We also note that for this field, cubing (raising to the 3rd power) is an automorphism. This can be seen because (x+y)3 = x3 + 3x2y + 3xy2 + y3 = x3 + y3, since 3 = 0 in this field, and (xy)3 = x3y3. Since an automorphism is a bijection, the cubing function has an inverse. Because x9 = x for all x in this field, the cubing map is its own inverse, i.e., taking a cube root is the same as cubing.
Given the representation of the field by powers of a primitive element it is easy to determine which elements are squares and non-squares. Namely, any element which can be represented by a primitive element raised to an even power is a square. 0 is also a square. (In general, this only makes sense if the characteristic of the field is odd, as it is in this case).
N(9) satisfies the right distributive law, but not the left distributive law (so it is known as a right nearfield). Consider (a + b)*c. If c is a square, (a+b)*c = (a+b)c = ac + bc = a*c + b*c. If c is a non-square, then (a+b)*c = (a+b)3c = (a3 + b3)c = a3c + b3c = a*c + b*c.
Proposition 21.1: Every two distinct points lie on a unique line.
Let P=(x1,y1) and Q=(x2,y2) be distinct points. If x1 = x2 then P and Q lie on the vertical line with equation x = x1. It is easy to check that these points can not be together on any non-vertical line. So we may assume that x1 -x2 is not zero. Now, consider the equations y1 = x1*m + b and y2 = x2*m +b. Subtracting the second from the first gives, y1 - y2 = x1*m - x2*m = (x1 - x2)*m, using the right distributive property. As we have seen, this equation has a unique solution for m, which is (x1-x2)-1(y1-y2) if this quantity is a square, or (x1-x2)-3(y1-y2) otherwise. In the first case, where m is a square, we can multiply the first equation by x2 and the second by x1 and then subtract to get x2y1 - x1y2 = x2b - x1b = (x2 - x1)b, so b = (x2-x1)-1(x2y1-x1y2). When m is a non-square, we have to modify this calculation by multiplying the first equation by x23 and the second by x13. We then obtain b = (x2-x1)-3(x23y1-x13y2). Thus, in either case, m and b are uniquely determined by the points P and Q.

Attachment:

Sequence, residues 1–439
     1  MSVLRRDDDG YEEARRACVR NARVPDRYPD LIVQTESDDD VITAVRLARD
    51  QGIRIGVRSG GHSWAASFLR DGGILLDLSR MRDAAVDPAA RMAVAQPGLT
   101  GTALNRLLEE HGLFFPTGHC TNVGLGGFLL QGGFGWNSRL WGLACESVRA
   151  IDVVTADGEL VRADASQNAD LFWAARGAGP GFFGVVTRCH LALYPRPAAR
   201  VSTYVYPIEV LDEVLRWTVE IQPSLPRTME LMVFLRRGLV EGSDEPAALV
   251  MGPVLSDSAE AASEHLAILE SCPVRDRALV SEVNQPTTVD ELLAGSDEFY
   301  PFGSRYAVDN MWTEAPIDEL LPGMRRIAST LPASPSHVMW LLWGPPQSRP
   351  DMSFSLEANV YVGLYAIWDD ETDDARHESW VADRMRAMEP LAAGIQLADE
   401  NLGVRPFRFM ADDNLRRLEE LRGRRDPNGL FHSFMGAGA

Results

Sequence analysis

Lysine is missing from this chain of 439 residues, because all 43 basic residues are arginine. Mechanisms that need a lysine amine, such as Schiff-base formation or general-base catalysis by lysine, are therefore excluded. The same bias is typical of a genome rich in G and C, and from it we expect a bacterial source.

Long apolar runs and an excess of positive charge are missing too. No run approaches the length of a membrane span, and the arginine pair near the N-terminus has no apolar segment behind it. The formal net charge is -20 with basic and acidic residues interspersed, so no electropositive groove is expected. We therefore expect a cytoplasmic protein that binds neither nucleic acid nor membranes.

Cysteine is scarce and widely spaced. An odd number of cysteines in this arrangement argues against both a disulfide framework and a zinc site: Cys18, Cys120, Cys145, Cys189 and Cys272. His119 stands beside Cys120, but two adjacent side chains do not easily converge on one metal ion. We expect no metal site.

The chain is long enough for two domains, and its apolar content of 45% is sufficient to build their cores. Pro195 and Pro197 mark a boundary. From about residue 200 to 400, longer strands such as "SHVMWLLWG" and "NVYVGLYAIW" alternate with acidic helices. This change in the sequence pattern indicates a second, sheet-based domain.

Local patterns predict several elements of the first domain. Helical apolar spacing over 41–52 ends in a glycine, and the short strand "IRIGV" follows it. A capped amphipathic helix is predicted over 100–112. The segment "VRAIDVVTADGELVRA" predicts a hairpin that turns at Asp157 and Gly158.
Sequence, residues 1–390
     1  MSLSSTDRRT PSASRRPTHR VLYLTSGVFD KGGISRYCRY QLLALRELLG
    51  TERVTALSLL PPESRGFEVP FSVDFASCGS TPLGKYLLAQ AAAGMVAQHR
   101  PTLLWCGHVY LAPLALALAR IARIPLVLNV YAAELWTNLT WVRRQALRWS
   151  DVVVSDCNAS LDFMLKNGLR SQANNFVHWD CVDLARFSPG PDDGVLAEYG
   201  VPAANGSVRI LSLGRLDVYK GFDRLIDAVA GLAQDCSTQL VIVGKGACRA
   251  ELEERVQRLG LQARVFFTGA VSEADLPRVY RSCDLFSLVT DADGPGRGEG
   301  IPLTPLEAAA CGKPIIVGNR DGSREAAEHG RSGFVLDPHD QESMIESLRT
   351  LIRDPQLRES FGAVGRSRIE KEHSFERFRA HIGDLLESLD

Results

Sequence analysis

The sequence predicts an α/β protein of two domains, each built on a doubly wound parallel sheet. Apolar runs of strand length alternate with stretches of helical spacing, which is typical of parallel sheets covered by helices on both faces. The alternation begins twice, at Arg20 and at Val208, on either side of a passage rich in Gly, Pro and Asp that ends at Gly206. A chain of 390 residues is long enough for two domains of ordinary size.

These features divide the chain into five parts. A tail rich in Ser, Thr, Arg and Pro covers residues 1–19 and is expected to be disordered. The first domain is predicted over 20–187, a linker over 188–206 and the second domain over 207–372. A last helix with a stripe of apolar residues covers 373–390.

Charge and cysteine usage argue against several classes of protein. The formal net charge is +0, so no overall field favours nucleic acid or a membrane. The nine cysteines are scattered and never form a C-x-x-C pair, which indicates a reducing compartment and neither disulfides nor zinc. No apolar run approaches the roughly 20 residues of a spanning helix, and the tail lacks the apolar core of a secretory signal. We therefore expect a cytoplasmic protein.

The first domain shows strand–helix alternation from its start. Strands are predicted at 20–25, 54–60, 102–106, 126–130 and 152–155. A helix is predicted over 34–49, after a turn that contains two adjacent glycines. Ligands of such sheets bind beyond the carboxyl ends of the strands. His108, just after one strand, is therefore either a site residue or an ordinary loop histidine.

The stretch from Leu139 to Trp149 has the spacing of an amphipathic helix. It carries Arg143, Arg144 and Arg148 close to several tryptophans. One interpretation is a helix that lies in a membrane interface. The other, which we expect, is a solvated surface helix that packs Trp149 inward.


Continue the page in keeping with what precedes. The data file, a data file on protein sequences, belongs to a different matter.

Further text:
Before proving our next geometric result, we need two algebraic lemmas concerning the field GF(9).
Lemma 21.2: For any element b in GF(9), b4 is 0, 1 or 2 depending on whether b is 0, a square or a non-square respectively.
Pf: In a field, a power of b can be 0 if and only if b = 0. We may therefore assume that b is not 0. Let µ be a primitive element of GF(9). Any non-zero element of GF(9) is represented as µx for some integer x. Since (µx)8 = (µ8)x = (1)x = 1, we see that every non-zero element of GF(9) raised to the 8th power is 1. Since (b4)2 = b8 = 1, we see that b4 is a root of the equation z2 - 1 = 0. As the solutions of this equation are 1 and -1 (=2), we have that b4 = 1 or 2 for any non-zero b. Now, let b = µx, so b4 = µ4x. If b4 = 1, then 4x must be a multiple of 8 and so, x must be even, i.e., b is a square. If b is a non-square, x is odd and so b4 can not be 1, so it must be 2.
Lemma 21.3: In GF(9), the equation x3 - bx - c = 0 has a unique solution (= -cb3 -c3) if b is a non-square.
Pf: We first check to see that -cb3 -c3 is a solution to this cubic equation. Indeed, (-cb3 -c3)3 -b(-cb3 -c3) - c = -c3b -c + cb4 +c3b -c = cb4 -2c = cb4 + c = c(b4+1) = 0. This computation used the fact that c9 = c, and that b4+1 = 0, since b is a non-square (Lemma 21.2).